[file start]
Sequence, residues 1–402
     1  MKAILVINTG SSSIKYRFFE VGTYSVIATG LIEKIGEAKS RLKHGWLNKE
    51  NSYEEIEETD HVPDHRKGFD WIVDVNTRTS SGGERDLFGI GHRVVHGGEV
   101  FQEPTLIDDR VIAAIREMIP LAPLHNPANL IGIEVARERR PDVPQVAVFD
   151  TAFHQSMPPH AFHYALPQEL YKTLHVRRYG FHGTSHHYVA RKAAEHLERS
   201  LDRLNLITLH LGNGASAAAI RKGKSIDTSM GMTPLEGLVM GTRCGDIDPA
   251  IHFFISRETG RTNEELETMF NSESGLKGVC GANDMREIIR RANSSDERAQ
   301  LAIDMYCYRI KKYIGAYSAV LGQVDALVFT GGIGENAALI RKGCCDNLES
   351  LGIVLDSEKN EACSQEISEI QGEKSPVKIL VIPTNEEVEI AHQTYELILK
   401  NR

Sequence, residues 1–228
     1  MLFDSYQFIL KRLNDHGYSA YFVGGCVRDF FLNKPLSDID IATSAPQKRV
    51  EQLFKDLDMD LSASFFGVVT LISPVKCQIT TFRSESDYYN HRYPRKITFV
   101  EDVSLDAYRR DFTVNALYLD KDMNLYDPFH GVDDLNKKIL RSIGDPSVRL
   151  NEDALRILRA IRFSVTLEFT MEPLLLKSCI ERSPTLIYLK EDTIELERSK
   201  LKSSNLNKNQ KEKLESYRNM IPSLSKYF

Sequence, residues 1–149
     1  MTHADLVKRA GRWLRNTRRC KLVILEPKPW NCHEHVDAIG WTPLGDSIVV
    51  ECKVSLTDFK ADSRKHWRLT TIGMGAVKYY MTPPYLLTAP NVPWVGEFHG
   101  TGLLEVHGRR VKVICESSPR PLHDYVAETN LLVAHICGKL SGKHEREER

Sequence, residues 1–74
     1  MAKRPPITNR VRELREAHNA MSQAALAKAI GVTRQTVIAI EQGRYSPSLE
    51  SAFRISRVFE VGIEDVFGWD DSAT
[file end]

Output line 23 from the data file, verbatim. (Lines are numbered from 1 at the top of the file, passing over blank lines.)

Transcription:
    51  SAFRISRVFE VGIEDVFGWD DSAT